Studio 17: Knowing Audiences
The concept of the audience has been a topic of continued debate and discussion in the study of media and communication. In the twentieth century, fears around the propagandistic impact of media technologies on mass audiences led to criticism and censorship of media texts from a number of different theoretical and ideological perspectives. However, alternative approaches to audiences have emphasised the active nature of ‘audiencing’, and researchers highlight audience reception of media messages in their cultural and social contexts. In the twenty-first century, the whole conception of the audience has been further challenged by digital communications technologies which allow users to be producers as much as consumers, and the impact of social networks and the internet more broadly have suggested the emergence of a more participatory culture. This can be linked to a move away from studying the ‘text-audience’ relationship and towards a focus on the place of media reception in the routines of everyday life.
This studio will encourage students to adopt an ethnographic approach to the study of audiences, by selecting a particular audience group and applying qualitative research methods to investigate the meanings and perspectives audiences generate and apply to their media use.
Read the story by The Guardian. What does it suggest about TV? About horror movies? Who are the ‘experts’ here? How is this linked to arguments around the value of popular culture? We will discuss these issues in the studio.
Outline the first seven weeks of study
The first few weeks of the studio will survey the history and theory of audience studies, in order to set the context for the ethnographic study of contemporary media audiences:
- Magic bullet theories
- Agenda setting
- Uses and Gratifications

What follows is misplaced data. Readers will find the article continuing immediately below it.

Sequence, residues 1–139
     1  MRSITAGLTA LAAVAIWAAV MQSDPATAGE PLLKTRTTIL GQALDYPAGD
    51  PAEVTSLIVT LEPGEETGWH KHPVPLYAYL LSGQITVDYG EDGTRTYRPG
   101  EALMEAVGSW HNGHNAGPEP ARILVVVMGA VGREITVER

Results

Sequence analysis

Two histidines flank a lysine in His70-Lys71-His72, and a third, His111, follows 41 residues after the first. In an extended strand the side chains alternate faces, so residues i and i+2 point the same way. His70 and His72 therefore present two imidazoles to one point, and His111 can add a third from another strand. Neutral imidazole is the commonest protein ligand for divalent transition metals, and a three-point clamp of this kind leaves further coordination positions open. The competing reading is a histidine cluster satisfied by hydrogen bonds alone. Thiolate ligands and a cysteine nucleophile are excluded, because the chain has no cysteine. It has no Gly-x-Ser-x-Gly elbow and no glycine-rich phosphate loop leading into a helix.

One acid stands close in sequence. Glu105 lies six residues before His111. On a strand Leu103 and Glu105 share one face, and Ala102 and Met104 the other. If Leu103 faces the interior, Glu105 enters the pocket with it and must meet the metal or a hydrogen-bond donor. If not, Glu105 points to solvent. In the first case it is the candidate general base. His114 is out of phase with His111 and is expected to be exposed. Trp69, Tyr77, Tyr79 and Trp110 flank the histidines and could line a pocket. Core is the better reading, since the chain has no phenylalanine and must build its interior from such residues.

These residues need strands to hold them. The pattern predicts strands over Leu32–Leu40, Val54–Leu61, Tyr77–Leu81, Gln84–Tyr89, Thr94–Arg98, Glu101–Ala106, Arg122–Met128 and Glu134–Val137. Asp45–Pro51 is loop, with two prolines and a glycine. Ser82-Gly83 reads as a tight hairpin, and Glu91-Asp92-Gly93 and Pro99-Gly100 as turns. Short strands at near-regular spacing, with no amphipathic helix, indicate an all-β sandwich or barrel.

- Reception Theory
- Active Audiences
- Audiences and publics
- Audiences and social constructionism
- Fandom and subcultures
- Networked audiences and social media
The latter part of the ‘taught’ studio will consider the different research methods (surveys, interviews, focus groups, participant observation) that have been used to investigate audiences.
- Alasuutari P (ed.) (1999) Rethinking the Media Audience: The New Agenda. London ; Thousand Oaks, Calif: Sage Publications UK
- Barker M, Arthurs J and Harindranath R (2001) The Crash Controversy: Censorship Campaigns and Film Reception. Wallflower Press
- Barker M and Petley J (2001) Ill effects: the media/violence debate. 2nd ed. Communication and society. London: Routledge
- Gauntlett D (2011) Making is connecting: the social meaning of creativity, from DIY and knitting to YouTube and Web 2.0. Cambridge: Polity Press
- Hills M (2002) Fan cultures. Sussex studies in culture and communication, London: Routledge
- Jenkins H (2006) Fans, bloggers, and gamers: exploring participatory culture. New York ; London: New York University Press
- Sullivan JL (2012) Media Audiences: Effects, Users, Institutions, and Power. SAGE Publications, Inc.
Senior Lecturer and CCS Co-ordinator for BA (Hons) Film and Broadcast Production, MA Film and Broadcast Production, BA (Hons) Animation and MA Animation